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Monday, June 27, 2005

German ambassador confident of UNSC success

Staff writer

Strong backing from developing countries is likely to be enough to get the "Group of Four" nations over the top in their effort to expand the U.N. Security Council, according to Germany's ambassador to Japan, Henrik Schmiegelow.

News photo
German Ambassador Henrik Schmiegelow speaks Saturday at Aoyama Gakuin University during a lecture cosponsored by The Japan Times.

Tension is increasing at U.N. Headquarters in New York as Japan, Germany, India and Brazil -- all aspiring to become permanent members of the Security Council -- look for the right time to submit their revised resolution to the General Assembly.

"An increasing number of developing countries have begun to realize how the G-4 resolution would give them an epoch-making opportunity," Schmiegelow said in a lecture Saturday at Aoyama Gakuin University cosponsored by The Japan Times.

"When the resolution is put to a vote in July, I am confident it will gain two-thirds of the necessary votes" in the General Assembly, he said through an interpreter.

The revised G-4 resolution would add six new permanent seats and four new rotating members on the Security Council. The Group of Four nations each hope to gain a permanent seat with the remaining two allocated to African nations.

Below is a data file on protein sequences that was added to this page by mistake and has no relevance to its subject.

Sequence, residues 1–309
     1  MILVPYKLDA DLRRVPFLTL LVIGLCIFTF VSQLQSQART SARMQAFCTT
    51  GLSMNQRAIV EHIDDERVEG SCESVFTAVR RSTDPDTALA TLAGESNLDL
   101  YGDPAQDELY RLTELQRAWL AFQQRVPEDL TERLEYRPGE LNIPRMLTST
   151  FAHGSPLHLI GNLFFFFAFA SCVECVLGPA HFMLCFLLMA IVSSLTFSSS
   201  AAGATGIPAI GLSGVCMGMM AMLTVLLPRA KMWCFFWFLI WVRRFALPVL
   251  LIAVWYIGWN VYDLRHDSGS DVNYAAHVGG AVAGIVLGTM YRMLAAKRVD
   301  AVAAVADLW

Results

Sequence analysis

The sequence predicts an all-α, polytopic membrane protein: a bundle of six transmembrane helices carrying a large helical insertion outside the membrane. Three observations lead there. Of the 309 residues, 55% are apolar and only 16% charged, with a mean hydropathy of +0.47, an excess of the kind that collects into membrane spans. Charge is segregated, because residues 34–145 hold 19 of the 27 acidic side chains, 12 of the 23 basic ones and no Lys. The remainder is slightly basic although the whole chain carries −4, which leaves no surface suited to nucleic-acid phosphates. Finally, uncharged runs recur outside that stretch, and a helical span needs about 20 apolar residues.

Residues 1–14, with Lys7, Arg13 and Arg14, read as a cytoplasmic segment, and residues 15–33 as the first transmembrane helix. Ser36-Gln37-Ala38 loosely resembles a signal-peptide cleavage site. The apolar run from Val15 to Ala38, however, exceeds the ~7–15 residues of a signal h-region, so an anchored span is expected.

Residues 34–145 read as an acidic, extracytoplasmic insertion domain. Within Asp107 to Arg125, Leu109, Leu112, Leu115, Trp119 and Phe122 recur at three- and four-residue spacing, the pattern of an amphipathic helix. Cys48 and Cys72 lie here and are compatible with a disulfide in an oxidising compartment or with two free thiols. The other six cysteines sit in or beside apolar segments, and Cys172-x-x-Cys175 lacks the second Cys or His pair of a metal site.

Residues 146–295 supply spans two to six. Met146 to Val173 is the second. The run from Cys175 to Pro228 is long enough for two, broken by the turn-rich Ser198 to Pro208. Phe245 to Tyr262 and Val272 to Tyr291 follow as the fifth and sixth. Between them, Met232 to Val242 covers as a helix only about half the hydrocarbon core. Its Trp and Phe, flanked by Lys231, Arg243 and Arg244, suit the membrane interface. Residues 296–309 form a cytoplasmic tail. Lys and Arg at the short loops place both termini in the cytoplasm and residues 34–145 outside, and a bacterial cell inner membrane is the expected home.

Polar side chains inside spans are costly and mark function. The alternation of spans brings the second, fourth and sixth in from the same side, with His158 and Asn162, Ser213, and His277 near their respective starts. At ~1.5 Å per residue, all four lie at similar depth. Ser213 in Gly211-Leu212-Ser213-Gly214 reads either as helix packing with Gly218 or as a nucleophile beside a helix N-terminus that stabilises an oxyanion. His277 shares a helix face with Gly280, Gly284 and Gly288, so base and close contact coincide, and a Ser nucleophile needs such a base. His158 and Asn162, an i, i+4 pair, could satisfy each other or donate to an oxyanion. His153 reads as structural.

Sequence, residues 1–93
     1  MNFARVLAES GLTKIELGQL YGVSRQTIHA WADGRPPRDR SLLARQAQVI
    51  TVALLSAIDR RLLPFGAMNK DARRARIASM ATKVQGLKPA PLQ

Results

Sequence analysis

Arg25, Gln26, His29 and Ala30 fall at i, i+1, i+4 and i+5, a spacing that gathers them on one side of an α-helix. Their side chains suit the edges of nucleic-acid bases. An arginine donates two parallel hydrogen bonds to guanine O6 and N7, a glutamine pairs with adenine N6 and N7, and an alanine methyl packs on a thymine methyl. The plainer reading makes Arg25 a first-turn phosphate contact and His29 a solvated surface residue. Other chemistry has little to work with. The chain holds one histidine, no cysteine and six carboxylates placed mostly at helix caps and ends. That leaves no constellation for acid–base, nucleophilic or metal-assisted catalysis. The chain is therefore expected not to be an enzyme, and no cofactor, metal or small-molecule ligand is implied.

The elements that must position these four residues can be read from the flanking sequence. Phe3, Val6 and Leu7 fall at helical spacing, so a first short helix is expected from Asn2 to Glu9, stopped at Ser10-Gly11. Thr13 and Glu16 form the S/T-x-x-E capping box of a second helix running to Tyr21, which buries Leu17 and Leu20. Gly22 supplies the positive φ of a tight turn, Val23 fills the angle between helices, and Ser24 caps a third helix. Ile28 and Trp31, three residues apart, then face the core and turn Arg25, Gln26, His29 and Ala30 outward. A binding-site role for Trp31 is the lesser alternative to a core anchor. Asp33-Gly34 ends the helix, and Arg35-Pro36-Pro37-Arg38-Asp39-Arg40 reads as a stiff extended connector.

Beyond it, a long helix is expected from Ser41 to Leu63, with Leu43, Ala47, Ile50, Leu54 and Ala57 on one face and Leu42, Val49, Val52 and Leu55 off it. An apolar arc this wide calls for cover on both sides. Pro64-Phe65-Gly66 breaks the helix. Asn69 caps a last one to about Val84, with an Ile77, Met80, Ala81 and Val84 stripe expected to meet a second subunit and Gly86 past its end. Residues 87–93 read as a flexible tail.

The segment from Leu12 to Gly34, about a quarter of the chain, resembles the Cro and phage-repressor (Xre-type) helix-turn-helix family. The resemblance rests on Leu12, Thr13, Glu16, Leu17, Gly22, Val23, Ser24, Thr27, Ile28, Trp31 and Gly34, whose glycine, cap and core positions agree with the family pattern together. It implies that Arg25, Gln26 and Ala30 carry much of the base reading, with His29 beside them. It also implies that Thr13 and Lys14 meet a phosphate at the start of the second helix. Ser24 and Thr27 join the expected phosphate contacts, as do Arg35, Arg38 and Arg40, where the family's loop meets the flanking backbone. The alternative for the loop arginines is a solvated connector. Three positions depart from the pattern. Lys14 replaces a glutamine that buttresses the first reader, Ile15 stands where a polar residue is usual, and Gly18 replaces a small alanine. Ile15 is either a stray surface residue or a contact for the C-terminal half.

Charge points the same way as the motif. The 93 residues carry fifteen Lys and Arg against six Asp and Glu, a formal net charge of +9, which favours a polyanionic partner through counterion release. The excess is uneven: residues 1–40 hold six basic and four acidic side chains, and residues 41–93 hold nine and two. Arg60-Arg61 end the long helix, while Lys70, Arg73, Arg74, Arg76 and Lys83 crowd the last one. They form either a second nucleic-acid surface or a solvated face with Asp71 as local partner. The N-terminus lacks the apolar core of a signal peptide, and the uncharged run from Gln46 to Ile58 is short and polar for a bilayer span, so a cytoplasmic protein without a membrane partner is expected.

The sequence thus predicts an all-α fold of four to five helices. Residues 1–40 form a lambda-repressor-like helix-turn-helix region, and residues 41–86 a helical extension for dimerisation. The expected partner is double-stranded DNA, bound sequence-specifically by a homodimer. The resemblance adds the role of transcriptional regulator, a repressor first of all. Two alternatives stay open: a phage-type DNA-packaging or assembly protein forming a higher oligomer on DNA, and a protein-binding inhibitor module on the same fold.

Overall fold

The so-called "Consensus Group," which includes Italy, South Korea and Pakistan, are campaigning against this move.

Schmiegelow criticized a proposal drafted by the Consensus Group that would only increase the number of nonpermanent seats on the council, saying it is merely aimed at blocking the Group of Four from gaining permanent seats.

"The most important message of its proposal is to take more time," and it does not sufficiently address the issue of U.N. reform, Schmiegelow said.

He also stressed the need to reorganize the U.N. so it will have more power to resolve conflicts among nations.

Germany and France were the two major nations that clashed with the U.S. when it was trying to drum up support in the Security Council for invading Iraq.

"The crisis over the war on Iraq brought (U.N. impotence) into sharp relief," he said. "What we need is an effective multilateral framework with the U.N. at the center."

And as the world increasingly faces problems that transcend borders, such as poverty, proliferation of weapons of mass destruction and terrorism, even the United States -- the lone superpower -- will not be able to deal with them without the support of other nations, Schmiegelow said.

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